The Army and the White House insist the abbreviated training was adequate. "They can get desert training elsewhere," spokesman Tony Snow said Feb. 28, "like in Iraq." But outside military experts and Zeimer's mother disagree. The Army's rush to carry out President George W. Bush's order to send thousands of additional troops more quickly to Iraq is forcing two of the five new brigades bound for the war to skip standard training at Fort Irwin, Calif. These soldiers aren't getting the benefit of participating in war games on the wide Mojave Desert, where gun-jamming sand and faux insurgents closely resemble conditions in Iraq. "Given the new policy of having troops among the Iraqis," says Lawrence Korb, a former Pentagon personnel chief, "they should be giving our young soldiers more training, not less." Zeimer's mother was unaware of the gap in her son's training until TIME told her about it on April 2. Two days later the Army disclosed that Zeimer may have been killed by friendly fire. "They're shipping more and more young kids over there who don't know what they're getting into," Janet Seymour said quietly after learning what her son had missed. "They've never seen war other than on the TV."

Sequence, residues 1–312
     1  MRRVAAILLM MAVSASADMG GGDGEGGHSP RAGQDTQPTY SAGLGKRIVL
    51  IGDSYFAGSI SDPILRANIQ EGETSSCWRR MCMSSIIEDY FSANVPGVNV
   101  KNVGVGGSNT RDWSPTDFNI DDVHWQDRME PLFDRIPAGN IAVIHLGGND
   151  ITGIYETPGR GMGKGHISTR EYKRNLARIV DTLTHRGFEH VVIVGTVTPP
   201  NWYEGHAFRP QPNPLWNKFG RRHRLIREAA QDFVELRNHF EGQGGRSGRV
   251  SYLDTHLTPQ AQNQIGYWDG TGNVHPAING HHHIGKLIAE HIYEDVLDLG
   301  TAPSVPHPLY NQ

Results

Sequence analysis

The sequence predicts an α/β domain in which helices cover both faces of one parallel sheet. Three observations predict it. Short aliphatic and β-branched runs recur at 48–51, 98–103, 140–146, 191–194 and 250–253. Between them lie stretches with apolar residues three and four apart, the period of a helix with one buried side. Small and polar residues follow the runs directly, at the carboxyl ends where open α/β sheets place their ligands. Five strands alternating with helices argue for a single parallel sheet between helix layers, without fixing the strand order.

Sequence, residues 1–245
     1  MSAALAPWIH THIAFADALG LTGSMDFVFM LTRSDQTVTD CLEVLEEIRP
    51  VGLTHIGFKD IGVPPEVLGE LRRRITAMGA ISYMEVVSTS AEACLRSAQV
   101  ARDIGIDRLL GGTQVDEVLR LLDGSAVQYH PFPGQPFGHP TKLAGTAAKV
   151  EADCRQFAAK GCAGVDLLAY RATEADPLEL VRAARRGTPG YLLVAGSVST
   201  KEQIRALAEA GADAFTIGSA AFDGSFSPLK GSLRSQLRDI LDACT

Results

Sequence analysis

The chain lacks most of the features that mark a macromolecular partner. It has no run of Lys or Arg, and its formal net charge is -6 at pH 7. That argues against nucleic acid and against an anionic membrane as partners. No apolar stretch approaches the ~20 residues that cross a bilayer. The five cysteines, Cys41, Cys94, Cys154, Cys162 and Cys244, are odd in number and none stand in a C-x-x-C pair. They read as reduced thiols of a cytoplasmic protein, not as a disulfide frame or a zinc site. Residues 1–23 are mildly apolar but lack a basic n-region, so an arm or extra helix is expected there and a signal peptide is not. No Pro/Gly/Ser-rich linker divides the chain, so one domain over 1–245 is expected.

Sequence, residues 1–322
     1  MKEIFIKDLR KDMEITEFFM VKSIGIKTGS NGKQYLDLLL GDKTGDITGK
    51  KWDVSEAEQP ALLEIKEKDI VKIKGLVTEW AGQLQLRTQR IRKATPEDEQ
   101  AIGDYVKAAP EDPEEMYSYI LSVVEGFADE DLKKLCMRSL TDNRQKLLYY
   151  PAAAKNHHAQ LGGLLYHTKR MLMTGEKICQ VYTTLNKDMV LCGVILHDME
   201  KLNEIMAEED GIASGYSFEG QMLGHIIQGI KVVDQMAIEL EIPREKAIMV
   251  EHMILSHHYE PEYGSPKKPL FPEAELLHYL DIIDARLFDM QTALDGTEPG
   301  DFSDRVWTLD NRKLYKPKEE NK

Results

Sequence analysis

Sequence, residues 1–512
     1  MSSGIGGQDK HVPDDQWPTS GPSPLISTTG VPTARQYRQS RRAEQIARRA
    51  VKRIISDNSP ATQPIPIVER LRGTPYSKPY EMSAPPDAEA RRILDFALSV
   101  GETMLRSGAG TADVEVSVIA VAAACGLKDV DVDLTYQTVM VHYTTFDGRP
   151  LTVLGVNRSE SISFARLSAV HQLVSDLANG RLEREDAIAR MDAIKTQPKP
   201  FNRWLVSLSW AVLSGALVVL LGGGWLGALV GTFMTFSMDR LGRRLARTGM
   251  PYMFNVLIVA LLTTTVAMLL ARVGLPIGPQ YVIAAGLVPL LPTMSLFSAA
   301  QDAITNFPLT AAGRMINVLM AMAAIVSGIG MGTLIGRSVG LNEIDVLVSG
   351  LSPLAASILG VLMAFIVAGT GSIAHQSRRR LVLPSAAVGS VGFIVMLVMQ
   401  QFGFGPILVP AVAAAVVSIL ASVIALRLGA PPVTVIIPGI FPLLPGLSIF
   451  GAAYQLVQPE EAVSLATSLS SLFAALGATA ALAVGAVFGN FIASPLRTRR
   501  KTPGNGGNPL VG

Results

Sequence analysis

The truncated training—the rush to get underprepared troops to the war zone—"is absolutely unacceptable," says Representative John Murtha, the Pennsylvania Democrat and opponent of the war who chairs the House Appropriations defense subcommittee. A decorated Marine veteran of Vietnam, Murtha is experiencing a sense of déjà vu. "The readiness of the Army's ground forces is as bad as it was right after Vietnam," Murtha tells TIME. Even Colin Powell—a retired Army general, onetime Chairman of the Joint Chiefs and Bush's first Secretary of State—acknowledges that after spending nearly six years fighting a small war in Afghanistan and four years waging a medium-size war in Iraq, the service whose uniform he wore for 35 years is on the ropes. "The active Army," Powell said in December, "is about broken."